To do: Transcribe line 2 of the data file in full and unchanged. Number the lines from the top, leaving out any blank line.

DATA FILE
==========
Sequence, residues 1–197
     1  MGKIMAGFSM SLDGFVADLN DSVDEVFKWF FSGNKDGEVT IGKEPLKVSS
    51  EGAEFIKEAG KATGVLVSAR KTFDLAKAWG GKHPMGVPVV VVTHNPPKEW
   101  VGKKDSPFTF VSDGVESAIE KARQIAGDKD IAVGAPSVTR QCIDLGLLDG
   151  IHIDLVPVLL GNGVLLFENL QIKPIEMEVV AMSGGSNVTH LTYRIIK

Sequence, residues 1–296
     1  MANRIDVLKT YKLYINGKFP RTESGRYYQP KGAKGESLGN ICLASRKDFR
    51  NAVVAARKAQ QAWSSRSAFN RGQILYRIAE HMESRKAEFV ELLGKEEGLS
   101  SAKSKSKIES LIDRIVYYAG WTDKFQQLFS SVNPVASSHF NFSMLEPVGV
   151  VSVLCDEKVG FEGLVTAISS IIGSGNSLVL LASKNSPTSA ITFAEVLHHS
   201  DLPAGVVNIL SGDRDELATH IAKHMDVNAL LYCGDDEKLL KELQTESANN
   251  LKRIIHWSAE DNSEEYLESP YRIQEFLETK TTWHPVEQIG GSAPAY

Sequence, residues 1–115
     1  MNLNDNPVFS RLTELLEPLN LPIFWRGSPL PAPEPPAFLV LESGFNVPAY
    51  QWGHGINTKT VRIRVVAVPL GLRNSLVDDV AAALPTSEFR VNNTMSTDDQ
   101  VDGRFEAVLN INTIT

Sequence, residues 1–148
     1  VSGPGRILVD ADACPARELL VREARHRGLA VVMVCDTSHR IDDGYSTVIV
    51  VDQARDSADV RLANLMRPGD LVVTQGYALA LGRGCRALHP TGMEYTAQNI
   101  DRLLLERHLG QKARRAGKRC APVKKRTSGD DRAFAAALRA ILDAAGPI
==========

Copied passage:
     1  MGKIMAGFSM SLDGFVADLN DSVDEVFKWF FSGNKDGEVT IGKEPLKVSS